It can be hard to come to terms with the fact that you site has a high bounce rate. In most cases you will love your site and may wonder why users don’t feel the same
So you might be wondering what is a good bounce rate?
Well, it can depend on what your business goals are and on your site. Some sites and tools might see a bounce rate of 80% as perfectly normal, but another site or tool might see this as a disaster. We consider 40-50% to be a healthy Bounce Rate. Regardless of this, webmasters pay close attention to bounce rate as an indication of appeal and conversion. Afterall, how can a site convert if people aren’t staying on it?!
It’s important to keep an eye on the bounce rate when making changes to your site, as a massive spike can indicate that you have a major problem on your hands.
1. Accessible Content
If you have ever clicked through to a site to be faced with a wall of text, you probably clicked straight back off it. Therefore you already know how discouraging this can be to users. The content might be knowledge rich and incredibly valuable but this won’t matter if a user is scared off by the sheer amount of text on the page.
One of the best ways to reduce your bounce rate is to format the pages so they are welcoming and as accessible as possible. Users do not want to work for the information, they want it there ready for them.
Some ways to make content more welcoming are:
- Use of headers to point out what a piece of text is about.
- Subheadings used frequently
- Images to break up the text but make them relatable
- Bullet points as these can make the text easier and quicker to read
2.Call to Actions
Include a single, clear call to action.
You should always be thinking about what you want the user to do once they have found the information they are looking for. If you don’t make this action clear then the user is likely to click away from the page.
Once you know what you want them to do, you can prompt the user to take action by including just one clear, simple call to action.
If you add more than one or have many CTA’s on one page then this can cause confusion for the user. Your site should allow the user to be effortless in their journey to conversion.
It can be easier to put yourself in the user’s shoes sometimes and think about what you would like to see as a user, as opposed to the owner.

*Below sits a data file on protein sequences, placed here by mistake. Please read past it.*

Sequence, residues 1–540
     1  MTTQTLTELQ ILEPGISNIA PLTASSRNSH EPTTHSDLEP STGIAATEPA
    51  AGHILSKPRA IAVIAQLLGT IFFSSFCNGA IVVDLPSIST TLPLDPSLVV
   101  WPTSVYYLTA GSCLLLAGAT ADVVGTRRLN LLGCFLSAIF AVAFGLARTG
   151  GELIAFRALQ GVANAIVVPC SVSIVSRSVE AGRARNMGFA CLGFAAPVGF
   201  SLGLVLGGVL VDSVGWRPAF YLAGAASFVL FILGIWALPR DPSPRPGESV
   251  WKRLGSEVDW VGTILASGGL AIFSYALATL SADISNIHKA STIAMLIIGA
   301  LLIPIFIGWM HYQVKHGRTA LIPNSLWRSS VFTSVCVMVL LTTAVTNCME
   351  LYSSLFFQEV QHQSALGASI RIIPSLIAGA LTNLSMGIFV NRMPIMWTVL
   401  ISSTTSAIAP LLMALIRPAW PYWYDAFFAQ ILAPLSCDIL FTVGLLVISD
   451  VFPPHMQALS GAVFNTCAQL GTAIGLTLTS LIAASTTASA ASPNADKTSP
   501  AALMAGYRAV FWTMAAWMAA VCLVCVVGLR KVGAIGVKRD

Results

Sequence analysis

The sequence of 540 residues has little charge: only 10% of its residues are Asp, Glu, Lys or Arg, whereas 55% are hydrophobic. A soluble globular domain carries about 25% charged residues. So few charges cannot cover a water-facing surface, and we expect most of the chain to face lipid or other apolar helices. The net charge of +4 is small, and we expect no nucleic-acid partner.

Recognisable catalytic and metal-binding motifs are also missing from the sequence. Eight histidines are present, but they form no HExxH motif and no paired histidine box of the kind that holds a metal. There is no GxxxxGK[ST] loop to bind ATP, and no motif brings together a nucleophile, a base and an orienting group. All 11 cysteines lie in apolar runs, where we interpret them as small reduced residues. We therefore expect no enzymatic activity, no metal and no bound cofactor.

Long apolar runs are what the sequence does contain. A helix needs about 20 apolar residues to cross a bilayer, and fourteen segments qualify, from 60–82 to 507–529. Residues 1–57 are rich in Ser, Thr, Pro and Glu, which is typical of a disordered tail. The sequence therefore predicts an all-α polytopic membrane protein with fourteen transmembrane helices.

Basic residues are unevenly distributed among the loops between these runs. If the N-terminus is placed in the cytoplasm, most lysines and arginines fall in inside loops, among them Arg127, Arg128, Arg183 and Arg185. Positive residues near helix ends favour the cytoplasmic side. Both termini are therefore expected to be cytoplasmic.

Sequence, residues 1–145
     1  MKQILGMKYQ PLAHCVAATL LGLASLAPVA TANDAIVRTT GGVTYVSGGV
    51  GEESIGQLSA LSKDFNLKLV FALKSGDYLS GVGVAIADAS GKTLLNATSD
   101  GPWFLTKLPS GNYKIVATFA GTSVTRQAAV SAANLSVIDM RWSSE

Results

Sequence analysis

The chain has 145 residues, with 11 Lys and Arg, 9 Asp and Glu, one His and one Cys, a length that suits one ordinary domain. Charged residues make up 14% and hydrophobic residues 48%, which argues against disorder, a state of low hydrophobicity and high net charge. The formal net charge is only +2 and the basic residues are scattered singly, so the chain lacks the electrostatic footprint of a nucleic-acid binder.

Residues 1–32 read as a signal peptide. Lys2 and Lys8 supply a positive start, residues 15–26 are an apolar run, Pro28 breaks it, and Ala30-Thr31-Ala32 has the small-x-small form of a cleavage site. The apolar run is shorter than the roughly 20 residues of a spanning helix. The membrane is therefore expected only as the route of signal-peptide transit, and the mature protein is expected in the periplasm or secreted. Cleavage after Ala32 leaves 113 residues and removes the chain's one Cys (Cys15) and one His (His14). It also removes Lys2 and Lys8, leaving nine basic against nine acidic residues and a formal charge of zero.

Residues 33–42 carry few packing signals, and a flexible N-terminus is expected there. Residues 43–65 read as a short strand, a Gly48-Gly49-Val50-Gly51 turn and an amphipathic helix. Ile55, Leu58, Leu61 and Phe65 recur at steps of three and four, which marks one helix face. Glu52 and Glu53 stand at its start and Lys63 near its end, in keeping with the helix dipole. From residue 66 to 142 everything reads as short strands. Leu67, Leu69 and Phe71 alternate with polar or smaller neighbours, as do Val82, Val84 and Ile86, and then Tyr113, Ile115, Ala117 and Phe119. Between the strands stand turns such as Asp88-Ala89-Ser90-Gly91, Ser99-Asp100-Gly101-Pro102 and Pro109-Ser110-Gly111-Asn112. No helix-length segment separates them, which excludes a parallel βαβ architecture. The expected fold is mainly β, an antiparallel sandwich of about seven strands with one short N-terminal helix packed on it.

3. Clear Up Your Crawl Errors
As a user there’s nothing worse than hitting a 404 page, rather than the page you were hoping to see; especially if that 404 page doesn’t contain adequate navigation.
The more Crawl Errors you have, the less Google and users will value your site not only increasing your Bounce Rate but also negatively impacting your SEO. Use Google Search Console to check and fix any Crawl Errors on your site.
4. On Site Navigation Should Be Effortless
There is nothing worse than clicking through to a site and not being able to find the page that you were looking for. Sometimes the easiest way to test if your navigation is effortless is to get someone less online-savvy to test it for you. If they can’t access the navigation easily then you need to re-think your user journey.
Your site navigation should be clear, easy to understand and offer the user a seamless experience in getting around your site. Users do not want to be guessing where they are or where to go next when they are on your site. Once the user is on your site, you want to keep them there for as long as you can.
I give to you the challenge of making your navigation simple. Examine your current site navigation and identify where you can make changes to simplify it. Make it as simple as you possibly can, this way the less savvy users of the world (and Google!), can easily find what they are looking for on your site.
5. Page Load Time Optimisation
Sometimes the issue isn’t with the content that’s on the page that’s making users click away from the site, it can be down to the page loading time being high.
As a web user yourself, you must know how frustrating it can be waiting for a webpage or an image to load. The content could be knowledge rich and easy to read but what good is that if the user can’t even load the page to read it. It’s reported that 47% of users expect a webpage to load in two seconds or under, how does your site fare?
Bounce Rate is an excellent metric of engagement and whether your pages are working for your Search, Paid or Social campaign. For more information speak to one of our experts.